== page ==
Monday, August 30, 2010

Grumpy Movie Review: The Expendables

Holy shit. I really don't even know where to start with this movie. It's been two days since I've seen it and I keep winding up back at the thing I said when the credits first rolled: That was a fucking train wreck.

I honestly don't know whether that was the worst movie of the year or the best movie of the decade. At this point I'm sure everyone knows the premise: Sylvester Stallone gets hired by Bruce Willis (after a brief encounter with Arnold Schwarzenegger) to take his band of mercenaries played by Jason Statham, Jet Li, Dolph Lundgren, Randy Couture, and Terry Crews and fight a corrupt general whose being controlled by drug lord Eric Roberts and henchman Steve Austin. If the plot seems to have gotten lost in a list of current and former action stars, well that's pretty much the point. The plot is basically "Hey, if you're a guy you know all these actors, so come watch them kick ass." So of course I was pretty much obligated by my male chromosomes to see this movie ASAP.

I wasn't going into this movie looking for Shakespeare. I can only assume that when writer/director Sylvester Stallone started accumulating every major action star from the past two decades, he wasn't intending to write a potential contender for Cannes. So plot structure and character development probably high on my list of necessary parts of the script.

But judging by the pacing and scene structure, I'm 99% sure that Sylvester Stallone drank a half-gallon of tequila and edited this movie over the course of 48 hours in Tiajuana. For one thing, with a cast of half a dozen leading men, each guy gets about 2 lines worth of back story. And Stallone must have written characters into the movie as he hired each actor, because it's obvious they have no natural place in the script. Jet Li, for example, gets 3rd billing in the credits, only below Stallone and Statham. But at gunpoint I couldn't tell you his character's name and he has about 4 or 5 more lines of dialogue than the key grip.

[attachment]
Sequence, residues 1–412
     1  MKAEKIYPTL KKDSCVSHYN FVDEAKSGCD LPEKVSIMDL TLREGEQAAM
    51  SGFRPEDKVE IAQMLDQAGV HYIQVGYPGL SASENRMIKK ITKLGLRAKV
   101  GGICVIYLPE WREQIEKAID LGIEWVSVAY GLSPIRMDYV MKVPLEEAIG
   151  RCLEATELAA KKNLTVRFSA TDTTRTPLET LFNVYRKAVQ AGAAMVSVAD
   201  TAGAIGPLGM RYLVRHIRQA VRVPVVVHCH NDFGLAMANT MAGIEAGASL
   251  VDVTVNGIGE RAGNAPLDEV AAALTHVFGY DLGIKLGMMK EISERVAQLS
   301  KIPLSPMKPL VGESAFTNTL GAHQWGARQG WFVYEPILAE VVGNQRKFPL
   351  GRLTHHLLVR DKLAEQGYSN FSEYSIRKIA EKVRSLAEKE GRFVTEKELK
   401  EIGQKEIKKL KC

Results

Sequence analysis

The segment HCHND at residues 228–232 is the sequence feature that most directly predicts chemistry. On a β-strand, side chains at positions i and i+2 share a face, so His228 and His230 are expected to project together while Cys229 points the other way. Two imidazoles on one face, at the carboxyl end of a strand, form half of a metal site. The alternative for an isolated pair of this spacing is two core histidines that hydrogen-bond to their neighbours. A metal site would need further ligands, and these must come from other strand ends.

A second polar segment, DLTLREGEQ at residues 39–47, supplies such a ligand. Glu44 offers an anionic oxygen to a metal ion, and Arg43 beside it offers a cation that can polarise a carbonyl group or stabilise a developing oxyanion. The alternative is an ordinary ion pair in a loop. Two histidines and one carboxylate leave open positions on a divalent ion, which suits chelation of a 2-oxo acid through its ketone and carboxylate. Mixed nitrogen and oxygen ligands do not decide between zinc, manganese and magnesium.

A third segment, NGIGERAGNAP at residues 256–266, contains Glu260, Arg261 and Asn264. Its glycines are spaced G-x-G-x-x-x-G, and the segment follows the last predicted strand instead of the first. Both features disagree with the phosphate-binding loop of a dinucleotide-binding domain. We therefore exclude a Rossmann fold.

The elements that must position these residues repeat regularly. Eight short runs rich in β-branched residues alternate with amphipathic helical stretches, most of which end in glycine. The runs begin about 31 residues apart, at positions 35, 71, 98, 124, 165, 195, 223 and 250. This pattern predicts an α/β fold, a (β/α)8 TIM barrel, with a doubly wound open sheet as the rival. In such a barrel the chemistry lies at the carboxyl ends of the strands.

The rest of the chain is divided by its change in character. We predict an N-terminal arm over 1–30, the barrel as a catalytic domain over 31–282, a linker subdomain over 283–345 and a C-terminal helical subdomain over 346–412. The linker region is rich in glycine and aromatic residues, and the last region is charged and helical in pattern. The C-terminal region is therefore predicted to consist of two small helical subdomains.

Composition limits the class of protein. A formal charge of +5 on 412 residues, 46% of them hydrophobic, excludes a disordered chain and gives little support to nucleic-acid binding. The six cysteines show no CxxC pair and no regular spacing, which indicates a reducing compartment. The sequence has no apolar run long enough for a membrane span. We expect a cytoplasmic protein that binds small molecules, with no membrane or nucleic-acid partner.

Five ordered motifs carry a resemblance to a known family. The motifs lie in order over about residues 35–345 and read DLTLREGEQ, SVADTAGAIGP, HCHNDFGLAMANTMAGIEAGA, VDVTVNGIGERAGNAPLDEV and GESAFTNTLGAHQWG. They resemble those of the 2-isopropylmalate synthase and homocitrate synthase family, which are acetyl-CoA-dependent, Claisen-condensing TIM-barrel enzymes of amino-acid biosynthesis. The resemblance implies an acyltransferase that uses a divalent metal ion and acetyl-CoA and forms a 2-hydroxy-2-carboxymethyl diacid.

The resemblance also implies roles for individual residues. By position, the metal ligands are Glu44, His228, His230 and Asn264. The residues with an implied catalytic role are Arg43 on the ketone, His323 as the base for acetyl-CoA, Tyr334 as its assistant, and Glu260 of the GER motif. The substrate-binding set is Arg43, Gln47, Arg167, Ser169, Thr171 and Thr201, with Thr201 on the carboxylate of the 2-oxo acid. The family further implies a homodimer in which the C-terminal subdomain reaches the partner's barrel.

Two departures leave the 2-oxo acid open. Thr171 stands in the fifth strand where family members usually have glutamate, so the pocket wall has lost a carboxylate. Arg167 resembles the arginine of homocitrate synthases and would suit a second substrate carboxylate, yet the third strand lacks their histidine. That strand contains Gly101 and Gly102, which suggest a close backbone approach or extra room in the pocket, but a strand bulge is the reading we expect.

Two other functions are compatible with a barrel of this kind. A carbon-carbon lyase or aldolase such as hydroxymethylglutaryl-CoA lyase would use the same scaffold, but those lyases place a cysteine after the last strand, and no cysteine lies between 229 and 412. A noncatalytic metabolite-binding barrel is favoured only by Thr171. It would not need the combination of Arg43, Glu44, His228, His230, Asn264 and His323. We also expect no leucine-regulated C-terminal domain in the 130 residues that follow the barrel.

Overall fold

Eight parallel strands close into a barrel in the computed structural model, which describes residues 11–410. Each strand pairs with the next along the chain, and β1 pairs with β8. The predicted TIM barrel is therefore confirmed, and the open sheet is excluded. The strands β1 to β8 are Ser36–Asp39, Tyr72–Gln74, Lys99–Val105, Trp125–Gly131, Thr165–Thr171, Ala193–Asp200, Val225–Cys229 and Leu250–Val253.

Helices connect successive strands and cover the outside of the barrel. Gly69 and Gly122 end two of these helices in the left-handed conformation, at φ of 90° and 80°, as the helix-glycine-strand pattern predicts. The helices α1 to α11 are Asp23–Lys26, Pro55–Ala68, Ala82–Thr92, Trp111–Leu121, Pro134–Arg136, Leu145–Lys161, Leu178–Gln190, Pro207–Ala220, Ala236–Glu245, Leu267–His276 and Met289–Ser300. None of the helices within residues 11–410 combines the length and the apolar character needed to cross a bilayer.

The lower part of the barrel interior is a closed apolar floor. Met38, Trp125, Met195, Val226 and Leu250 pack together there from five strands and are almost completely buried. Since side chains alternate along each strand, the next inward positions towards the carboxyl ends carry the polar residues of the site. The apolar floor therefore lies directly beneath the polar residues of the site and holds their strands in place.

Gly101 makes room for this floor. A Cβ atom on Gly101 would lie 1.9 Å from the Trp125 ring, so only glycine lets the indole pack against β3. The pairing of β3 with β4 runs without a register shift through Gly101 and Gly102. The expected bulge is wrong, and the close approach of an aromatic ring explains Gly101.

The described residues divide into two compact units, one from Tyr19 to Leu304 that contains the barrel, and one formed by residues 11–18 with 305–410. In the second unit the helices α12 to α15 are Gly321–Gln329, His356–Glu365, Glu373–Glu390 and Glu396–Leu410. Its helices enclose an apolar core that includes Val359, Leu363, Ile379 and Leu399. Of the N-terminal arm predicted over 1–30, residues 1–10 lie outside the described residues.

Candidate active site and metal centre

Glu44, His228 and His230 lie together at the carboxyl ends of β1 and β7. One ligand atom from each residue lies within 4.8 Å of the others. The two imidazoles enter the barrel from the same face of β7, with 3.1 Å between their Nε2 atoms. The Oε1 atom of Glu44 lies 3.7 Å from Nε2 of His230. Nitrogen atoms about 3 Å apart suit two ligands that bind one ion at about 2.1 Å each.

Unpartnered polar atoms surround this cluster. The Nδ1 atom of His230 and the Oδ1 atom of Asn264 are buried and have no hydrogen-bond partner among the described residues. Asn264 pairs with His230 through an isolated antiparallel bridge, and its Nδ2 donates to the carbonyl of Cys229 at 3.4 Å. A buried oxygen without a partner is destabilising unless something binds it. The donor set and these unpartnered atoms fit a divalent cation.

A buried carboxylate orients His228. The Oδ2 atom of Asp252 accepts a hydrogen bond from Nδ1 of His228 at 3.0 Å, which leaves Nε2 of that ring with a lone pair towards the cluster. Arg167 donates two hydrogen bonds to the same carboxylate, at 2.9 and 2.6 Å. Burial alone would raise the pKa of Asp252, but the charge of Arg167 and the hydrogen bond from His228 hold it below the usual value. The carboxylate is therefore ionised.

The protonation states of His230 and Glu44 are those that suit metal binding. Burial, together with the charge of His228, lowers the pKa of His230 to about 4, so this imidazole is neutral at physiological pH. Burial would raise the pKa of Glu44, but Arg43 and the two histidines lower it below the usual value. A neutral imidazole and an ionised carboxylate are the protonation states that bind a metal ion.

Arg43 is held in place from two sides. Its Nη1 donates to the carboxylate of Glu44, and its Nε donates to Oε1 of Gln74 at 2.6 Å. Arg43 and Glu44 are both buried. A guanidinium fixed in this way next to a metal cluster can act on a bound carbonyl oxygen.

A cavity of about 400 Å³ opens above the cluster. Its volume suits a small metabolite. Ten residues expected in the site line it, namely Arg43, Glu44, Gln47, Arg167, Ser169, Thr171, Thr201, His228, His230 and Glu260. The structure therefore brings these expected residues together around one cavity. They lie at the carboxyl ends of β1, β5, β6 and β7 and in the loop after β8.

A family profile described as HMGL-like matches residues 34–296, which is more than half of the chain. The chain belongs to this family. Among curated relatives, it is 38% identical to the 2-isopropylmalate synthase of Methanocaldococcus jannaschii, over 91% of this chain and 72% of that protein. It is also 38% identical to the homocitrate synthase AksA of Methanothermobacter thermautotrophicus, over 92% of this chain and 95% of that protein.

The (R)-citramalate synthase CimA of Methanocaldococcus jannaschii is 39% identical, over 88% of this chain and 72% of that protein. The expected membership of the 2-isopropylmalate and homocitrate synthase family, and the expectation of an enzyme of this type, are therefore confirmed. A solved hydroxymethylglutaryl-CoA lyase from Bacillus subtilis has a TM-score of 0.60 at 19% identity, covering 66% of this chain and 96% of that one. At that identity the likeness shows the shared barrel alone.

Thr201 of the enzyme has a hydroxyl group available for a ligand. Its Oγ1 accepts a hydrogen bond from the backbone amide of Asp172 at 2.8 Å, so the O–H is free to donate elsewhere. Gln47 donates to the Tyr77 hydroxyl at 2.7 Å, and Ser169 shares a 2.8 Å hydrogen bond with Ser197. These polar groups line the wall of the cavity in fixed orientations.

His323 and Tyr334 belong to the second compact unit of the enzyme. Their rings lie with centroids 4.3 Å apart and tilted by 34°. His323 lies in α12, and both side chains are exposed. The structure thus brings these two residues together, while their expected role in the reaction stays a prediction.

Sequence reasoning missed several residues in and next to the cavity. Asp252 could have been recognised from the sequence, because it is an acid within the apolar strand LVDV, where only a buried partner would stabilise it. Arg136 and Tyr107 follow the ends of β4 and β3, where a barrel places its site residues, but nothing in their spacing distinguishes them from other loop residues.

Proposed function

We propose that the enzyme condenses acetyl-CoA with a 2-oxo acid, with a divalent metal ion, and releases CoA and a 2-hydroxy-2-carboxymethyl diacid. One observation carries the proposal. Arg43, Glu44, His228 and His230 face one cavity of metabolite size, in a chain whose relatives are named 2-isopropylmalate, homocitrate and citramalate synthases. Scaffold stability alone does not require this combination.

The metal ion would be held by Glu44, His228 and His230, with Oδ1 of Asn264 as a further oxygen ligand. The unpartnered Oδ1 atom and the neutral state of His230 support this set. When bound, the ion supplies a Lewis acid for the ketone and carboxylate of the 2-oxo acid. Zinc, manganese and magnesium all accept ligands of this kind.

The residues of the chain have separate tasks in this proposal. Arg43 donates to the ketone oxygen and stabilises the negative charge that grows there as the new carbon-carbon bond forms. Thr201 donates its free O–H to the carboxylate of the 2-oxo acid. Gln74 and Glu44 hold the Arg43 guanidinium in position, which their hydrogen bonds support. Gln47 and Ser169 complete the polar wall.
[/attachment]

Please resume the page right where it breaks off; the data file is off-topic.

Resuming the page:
But again, fully-developed dialogue is not why anyone went to see this movie. They went to see muscle-bound dudes spout one-liners while blowing shit up. And here The Expendables paid off big time in this department. Within two minutes of the title credits the audience is washed in a tidal wave of all the essential B's: blood, bullets, bombs, and bad acting. The thing is that Stallone actually gets a little greedy, and by trying to jam 3 hours of violence into a 2 hour movie, I found at times my brain couldn't keep up. Scenes eventually just turned into a jumble of fists and blood on the screen.

The only advice that I can give you if you're pondering whether this movie for you is to trust your instincts. If, when you saw the trailer, you instantly knew that you pretty much had to see it, then you are in for a treat. You will love the shitty plot and will have a blast watching people die in creative ways. If your first thought when you saw the trailer was that it looked stupid, then it will be far worse than you could imagine. Ms. Grump, for example, would probably try and push her head through the seat in front of her within the first act of the movie (that is if the movie even had coherent acts). I, however, will definitely be there if and when The Expendables 2 ever becomes a reality. If nothing else, I can't wait for the chance to again witness the funniest thing I've seen at the movies in months: Sylvester Stallone trying to run.

Grade: Either F- or A+

Thursday, August 26, 2010

Gov. Perry Mum On Texas Ranger Double Secret Probation...Er, Missions

I always love stumbling on a story involving Texas Governor Rick Perry. I already told you about his showdown with the the coyote from hell. Now he's at the center of some super secret missions involving the Texas Rangers facing off with drug dealers trying to cross into Texas. How super secret? Apparently the governor refuses to tell anyone more than they kick Mexican druglord ass (I may be paraphrasing here).

Asked to quantify the progress made by the Rangers, Texas' Department of Public Safety refuses to give any details on the basis of preserving "operational security." So you can't even give us numbers of arrests amount of drugs seized? I'm pretty sure the guys who recently found themselves in jail and without their drugs are aware of your operations guys.

And don't think I'm saying that it's a bad idea to have your state's elite units fighting the the drug smugglers at the border. Illegal immigrants who are just trying to find a better life for themselves are one thing. But make no mistake, the drug cartels who run their wares across the borders are really just not good guys, and every step should be taken to keep them out of the country.